“There is no sincerer love than the love of food.” - George Bernard Shaw
What settler colonialism does is that it sets a ceiling on what the future can be such that we cannot even imagine a future without genocide. This tendency then leaves us to develop critical visions only within the constraints of the possible and then infects all the work that we do.
For instance if we look at the Academic Industrial Complex. We whine and complain about how racist it is. As if the only problem is a few racist administrators who need to be fired. And if we just convince them how great Ethnic Studies is, they’d just give us more money. But if we were actually to imagine a liberatory educational system would this be it? Professors, do we say, “Tenure was the most fun thing I’ve ever done, I wish I could do it again”? Do students say, “You know, I love it when I work really hard for my finals and then get a bad grade anyway, how empowering was that”? We don’t even try to imagine building an alternative to the Academic Industrial Complex. We act as if the problem is that there is racism in the academy, not that the academy is structured by racism. And here’s where we can learn from the Prison Industrial Complex. Is not that the organizing against the Prison Industrial Complex puts forth a model of abolition that doesn’t just say that it’s about tearing down prison walls now but it’s about building alternatives that squeeze out the current system. Similarly, while we might have day jobs in the academic system, why can’t we start building alternatives to this system, build the educational system that we would actually like to see that could then squeeze out the current system as it develops. So, for instance, when Arizona says something like they’re going to ban Ethnic Studies, we think, “Oh no, there’s not going to be Ethnic Studies because the State says so!” We presume the state owns Ethnic Studies and it actually can ban it. We don’t say, “Uh, whatever, Arizona! Ethnic Studies is not a gift from the Academic Industrial Complex or from the state. It’s a product of social movements for social justice, and as long as they exist there will be Ethnic Studies wherever and whenever we go.” And did we ever really think Ethnic Studies was going to be legitimate in a white supremacist and settler colonialist academy? And if ever did become legitimate, we would know we had failed in our task.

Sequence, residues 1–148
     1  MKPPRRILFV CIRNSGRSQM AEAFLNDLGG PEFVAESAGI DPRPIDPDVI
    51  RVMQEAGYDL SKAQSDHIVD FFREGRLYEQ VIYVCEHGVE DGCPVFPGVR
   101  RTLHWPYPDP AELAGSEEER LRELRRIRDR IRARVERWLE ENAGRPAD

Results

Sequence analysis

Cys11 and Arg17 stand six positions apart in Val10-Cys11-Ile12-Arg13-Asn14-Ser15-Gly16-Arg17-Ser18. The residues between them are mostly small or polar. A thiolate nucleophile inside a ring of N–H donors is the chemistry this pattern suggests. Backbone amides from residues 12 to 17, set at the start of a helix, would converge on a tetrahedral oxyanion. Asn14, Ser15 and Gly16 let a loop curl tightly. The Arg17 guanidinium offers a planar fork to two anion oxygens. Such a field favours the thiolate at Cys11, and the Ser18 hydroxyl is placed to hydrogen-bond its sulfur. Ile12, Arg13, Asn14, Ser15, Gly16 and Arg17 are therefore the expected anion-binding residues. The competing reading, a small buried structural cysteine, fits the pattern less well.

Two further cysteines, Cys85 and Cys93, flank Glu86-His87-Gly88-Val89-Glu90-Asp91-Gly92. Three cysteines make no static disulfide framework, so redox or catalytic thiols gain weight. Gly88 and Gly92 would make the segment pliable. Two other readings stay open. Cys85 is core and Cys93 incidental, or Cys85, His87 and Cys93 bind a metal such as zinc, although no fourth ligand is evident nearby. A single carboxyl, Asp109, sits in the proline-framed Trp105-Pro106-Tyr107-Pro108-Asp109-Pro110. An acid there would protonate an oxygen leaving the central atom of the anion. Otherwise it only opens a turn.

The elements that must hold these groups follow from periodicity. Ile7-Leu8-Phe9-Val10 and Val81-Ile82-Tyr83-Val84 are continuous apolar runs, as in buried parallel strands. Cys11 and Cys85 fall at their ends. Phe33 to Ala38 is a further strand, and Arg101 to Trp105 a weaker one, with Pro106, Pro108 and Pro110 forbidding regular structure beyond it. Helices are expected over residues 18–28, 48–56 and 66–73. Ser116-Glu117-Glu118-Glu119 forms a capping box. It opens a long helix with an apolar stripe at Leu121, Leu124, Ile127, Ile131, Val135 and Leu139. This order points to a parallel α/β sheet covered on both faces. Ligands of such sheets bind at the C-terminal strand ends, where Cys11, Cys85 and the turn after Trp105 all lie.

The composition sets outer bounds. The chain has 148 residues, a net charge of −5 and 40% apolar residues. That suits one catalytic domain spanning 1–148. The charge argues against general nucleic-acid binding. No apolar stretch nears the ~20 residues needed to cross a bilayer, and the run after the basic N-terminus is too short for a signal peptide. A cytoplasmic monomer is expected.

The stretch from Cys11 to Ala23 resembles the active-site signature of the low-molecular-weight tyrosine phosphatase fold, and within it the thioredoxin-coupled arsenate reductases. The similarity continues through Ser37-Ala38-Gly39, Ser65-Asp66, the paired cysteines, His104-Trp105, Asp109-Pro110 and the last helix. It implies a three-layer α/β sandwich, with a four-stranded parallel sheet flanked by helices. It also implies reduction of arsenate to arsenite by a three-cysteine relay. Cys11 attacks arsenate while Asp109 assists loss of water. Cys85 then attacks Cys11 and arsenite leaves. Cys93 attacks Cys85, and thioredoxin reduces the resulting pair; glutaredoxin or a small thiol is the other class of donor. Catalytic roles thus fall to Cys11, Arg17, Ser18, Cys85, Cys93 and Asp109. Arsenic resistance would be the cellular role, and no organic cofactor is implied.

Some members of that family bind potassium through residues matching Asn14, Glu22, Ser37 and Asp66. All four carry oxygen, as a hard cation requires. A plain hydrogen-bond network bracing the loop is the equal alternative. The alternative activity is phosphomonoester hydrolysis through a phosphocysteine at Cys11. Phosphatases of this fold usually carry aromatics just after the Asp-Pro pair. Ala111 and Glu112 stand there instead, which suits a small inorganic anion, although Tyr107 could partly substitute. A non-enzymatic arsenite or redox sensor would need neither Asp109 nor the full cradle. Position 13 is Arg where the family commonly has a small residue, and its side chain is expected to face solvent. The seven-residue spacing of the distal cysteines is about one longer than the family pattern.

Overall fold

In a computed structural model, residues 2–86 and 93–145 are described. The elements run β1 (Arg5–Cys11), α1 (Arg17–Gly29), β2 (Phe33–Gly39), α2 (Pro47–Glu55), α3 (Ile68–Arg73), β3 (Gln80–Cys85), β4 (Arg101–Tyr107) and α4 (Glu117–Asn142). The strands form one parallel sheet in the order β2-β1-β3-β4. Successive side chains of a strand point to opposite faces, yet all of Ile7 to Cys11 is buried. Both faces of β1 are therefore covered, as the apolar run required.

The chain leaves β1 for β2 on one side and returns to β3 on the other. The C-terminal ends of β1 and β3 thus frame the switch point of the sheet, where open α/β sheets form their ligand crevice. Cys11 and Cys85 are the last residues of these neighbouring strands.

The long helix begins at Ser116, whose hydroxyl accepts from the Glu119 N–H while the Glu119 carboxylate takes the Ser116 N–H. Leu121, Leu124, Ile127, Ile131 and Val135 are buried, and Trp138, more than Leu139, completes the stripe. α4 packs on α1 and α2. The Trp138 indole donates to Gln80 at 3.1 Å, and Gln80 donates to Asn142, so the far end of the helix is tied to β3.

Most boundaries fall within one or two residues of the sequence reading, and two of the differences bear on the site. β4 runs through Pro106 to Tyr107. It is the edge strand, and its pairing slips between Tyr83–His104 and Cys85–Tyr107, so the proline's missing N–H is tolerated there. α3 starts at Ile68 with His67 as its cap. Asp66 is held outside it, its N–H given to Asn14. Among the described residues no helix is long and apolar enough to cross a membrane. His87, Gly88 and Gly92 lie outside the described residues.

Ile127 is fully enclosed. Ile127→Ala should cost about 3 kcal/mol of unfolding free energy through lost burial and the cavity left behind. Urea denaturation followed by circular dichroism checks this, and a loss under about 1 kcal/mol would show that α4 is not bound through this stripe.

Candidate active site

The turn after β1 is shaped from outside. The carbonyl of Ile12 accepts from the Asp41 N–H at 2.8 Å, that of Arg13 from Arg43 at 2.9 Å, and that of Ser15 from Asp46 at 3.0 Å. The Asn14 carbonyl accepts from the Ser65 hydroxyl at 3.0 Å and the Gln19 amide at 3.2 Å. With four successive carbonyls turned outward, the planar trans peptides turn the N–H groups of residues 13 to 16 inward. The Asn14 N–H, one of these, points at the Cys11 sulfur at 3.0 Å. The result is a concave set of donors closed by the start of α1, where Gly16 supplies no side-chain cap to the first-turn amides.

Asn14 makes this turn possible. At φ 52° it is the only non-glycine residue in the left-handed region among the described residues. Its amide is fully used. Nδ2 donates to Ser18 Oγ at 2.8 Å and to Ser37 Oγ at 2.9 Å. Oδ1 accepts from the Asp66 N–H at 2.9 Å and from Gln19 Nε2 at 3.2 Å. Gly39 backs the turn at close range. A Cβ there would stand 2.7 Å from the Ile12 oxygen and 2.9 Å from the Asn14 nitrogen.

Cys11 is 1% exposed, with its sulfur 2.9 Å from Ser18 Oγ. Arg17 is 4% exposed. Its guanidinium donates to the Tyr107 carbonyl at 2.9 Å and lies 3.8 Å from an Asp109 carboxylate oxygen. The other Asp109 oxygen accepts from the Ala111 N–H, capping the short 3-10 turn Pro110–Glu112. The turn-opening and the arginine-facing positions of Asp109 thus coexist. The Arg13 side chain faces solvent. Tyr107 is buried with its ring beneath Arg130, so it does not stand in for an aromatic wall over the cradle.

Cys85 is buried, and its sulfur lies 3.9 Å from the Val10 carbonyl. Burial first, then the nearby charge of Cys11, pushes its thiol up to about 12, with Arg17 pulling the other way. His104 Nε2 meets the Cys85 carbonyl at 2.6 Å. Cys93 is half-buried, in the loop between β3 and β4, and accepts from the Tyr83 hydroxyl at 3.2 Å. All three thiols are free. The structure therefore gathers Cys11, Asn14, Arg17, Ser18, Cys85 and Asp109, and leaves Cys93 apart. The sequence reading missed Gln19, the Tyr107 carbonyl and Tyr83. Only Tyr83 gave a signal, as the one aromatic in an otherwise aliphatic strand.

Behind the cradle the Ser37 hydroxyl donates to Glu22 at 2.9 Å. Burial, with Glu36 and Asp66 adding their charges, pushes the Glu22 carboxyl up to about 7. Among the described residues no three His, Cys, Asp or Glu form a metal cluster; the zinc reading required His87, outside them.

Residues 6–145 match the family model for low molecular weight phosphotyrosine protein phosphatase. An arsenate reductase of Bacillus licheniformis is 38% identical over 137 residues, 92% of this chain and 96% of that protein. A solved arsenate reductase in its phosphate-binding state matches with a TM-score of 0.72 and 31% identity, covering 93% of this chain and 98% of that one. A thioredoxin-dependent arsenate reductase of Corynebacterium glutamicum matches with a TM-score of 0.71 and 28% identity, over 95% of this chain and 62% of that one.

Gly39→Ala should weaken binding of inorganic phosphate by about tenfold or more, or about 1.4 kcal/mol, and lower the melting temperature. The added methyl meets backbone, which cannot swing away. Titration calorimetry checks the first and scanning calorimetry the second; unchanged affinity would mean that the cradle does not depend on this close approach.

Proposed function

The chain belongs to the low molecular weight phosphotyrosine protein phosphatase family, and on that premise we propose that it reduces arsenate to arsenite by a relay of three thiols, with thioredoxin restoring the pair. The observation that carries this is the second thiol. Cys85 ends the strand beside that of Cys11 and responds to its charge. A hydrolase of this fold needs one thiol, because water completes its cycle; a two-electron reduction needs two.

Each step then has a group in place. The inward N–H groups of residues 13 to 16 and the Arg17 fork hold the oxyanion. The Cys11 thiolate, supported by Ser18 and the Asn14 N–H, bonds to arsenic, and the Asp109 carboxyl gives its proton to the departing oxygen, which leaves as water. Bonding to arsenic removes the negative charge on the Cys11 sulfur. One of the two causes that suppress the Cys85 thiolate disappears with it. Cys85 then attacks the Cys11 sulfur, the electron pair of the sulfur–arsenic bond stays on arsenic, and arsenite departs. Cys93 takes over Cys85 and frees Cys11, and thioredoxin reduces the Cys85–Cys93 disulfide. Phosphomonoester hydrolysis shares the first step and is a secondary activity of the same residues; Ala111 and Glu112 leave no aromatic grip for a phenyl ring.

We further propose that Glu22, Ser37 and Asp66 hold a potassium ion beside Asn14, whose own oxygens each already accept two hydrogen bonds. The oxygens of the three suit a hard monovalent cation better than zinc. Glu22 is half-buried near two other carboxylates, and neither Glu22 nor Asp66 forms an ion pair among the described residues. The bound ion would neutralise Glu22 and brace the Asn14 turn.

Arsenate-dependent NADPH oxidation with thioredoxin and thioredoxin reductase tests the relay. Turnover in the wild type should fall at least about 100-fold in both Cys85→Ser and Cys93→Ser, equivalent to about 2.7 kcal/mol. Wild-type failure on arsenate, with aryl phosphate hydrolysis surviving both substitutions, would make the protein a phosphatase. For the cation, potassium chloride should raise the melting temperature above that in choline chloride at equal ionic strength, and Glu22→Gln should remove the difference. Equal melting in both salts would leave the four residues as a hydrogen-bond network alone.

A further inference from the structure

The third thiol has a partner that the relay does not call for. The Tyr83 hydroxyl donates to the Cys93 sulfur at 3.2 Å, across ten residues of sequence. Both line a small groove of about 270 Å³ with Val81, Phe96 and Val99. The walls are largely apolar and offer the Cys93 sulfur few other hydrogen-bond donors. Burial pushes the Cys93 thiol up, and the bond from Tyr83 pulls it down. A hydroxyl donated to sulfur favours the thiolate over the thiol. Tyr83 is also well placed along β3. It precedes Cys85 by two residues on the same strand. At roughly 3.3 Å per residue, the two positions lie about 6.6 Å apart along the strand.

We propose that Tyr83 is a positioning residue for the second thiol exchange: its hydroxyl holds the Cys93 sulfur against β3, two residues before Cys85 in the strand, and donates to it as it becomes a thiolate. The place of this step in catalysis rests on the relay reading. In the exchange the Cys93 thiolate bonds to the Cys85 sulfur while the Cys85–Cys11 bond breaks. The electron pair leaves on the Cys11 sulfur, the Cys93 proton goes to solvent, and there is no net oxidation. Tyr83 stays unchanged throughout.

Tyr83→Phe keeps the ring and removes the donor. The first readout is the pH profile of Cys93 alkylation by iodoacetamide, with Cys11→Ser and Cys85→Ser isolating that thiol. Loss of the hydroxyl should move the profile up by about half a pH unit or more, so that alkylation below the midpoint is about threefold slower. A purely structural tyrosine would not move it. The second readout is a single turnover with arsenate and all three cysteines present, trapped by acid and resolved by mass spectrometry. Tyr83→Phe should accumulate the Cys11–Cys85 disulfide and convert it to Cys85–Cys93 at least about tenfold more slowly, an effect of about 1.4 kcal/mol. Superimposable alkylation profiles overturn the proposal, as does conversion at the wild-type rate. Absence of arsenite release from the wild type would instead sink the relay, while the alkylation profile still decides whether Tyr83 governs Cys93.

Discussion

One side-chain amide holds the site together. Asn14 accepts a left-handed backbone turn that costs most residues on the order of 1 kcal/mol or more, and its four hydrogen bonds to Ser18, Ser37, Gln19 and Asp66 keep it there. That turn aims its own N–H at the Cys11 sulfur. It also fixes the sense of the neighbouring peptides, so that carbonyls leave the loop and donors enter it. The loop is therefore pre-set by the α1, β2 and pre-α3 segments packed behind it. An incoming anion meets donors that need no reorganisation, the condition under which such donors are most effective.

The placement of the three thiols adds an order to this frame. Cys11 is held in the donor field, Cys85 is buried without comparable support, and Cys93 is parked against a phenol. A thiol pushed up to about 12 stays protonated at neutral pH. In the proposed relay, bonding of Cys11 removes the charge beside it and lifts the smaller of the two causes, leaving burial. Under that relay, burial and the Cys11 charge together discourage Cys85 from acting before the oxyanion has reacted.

Andrea Smith plenary talk at Critical Ethnic Studies and the Future of Genocide, Thursday, March 10, 2011 (via zombifuntime)